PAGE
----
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Rocky Boy Tribe of Chippewa Indians of Montana Needs Your Help
Rocky Boy Tribe of Chippewa Indians of Montana needs funding to establish offices at Blackfeet Reservation, Crow-Northern Cheyenne Reservation, Flathead Reservation, Fort Belknap Reservation and at Great Falls, Montana where Hill 57 Reservation is located. Our goal is to gain Tribal Recognition at Blackfeet Reservation, Crow-Northern Cheyenne Reservation, Flathead Reservation and Fort Belknap Reservation and Federal Recognition for Rocky Boys Tribe of Chippewa Indians at Great Falls with Reservation. Your donation will be greatly appreciated. Below is my paypal link where you can donate to this very important cause for survival. If you are interested in becoming a member of Rocky Boys Tribe of Chippewa Indians of Montana, you can fill out a form here . In comments box, please include your tribal affiliation. In Montana, members of Blackfeet, Crow-Northern Cheyenne, Flathead, Fort Belknap and Rocky Boys Reservation are automatically members of Rocky Boys Tribe of Chippewa Indians of Montana. However, if you are a member from another tribe (Reservation) your application will be approved if you have proof of membership from your tribe (Reservation).
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July 8, 1878 Battle of Birch Creek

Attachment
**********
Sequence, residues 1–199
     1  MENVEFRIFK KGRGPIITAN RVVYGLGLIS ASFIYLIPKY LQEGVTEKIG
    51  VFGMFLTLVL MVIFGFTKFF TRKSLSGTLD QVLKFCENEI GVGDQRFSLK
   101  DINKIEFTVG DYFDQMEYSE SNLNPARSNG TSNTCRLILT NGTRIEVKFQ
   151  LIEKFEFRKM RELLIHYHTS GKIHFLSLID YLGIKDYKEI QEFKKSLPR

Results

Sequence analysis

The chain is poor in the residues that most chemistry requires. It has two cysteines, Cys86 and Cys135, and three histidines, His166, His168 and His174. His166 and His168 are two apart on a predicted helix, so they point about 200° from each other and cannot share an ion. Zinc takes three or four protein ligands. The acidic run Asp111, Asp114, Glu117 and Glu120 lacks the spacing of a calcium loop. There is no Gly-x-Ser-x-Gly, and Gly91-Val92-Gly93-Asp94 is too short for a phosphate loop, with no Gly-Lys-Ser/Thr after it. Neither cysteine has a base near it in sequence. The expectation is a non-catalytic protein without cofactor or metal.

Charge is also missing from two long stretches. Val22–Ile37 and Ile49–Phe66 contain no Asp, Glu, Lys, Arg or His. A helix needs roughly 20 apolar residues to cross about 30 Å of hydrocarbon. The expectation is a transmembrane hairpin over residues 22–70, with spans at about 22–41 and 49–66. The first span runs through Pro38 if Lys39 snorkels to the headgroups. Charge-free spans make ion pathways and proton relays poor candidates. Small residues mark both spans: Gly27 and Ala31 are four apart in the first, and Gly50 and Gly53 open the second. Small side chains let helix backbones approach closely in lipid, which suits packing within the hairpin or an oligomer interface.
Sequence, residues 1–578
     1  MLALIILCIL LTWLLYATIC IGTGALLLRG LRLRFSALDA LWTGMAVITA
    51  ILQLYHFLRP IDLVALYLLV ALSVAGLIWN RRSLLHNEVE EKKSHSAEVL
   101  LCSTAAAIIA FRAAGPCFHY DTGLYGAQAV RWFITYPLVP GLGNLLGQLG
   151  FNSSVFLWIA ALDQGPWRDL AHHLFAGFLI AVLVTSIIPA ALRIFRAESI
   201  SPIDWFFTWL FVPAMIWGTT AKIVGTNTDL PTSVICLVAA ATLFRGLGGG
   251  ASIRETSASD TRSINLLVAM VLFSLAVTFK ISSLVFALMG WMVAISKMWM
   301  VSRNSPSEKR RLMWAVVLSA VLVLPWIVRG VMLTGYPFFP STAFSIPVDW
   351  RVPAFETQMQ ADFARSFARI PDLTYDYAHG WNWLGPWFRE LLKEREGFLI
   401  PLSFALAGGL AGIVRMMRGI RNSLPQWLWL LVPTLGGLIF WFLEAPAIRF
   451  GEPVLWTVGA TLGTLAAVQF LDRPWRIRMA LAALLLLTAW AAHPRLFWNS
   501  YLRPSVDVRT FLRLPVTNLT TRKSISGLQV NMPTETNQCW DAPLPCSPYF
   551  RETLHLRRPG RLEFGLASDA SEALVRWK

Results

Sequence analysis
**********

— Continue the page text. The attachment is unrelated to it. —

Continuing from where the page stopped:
Historians claim that Battle of Birch Creek was a part of 1878s Bannock-Paiute War but it was just an extension of an 1877 Anishinabe exodus. This battle was fought in Oregon after Ojibway People reached eastern Oregon using using Snake River. It was a part of an American military expedition to stop an Anishinabe exodus to Oregon. Battle of Birch Creek was a part of Mullan Road War. Above is a list of Mullan Road War battles. Battle of Birch Breek was fought about 30 miles south of present day Pendleton, Oregon on Monday July 8, 1878. A force of nearly 500 American Soldiers led by Gen. Oliver Otis Howard, attacked either a force of Ojibway Soldiers or an Anishinabe village. They succeeded in driving them off. White casualties in that minor battle were 1 killed and 4 wounded. Anishinabe casualties were higher. Though American Soldiers commenced to pursue fleeing Anishinabek, they ended their pursuit as a result of rugged terrain (them Blue Mountains). However, their Indian allies (Anishinabe people must remember they were Umatillas) took over pursuit for their white allies and attacked a camp of Anishinabek and killed 17 and captured 25. Some surrendered later on and were relocated to the Warm Springs Reservation. Ojibway People were probably moving to Malheur Reservation in eastern Oregon which at that time was quite large. Malheur Reservation was eradicated in 1882 and 1883 by corrupt American leadership that did not want Ojibway People dominating Malheur Reservation. Large numbers of Montana Ojibways forced their way to eastern Oregon, from southwest Montana. Burns or Harney (it was located on Malheur Reservation then), Oregon, is some 140 miles west of Boise, Idaho.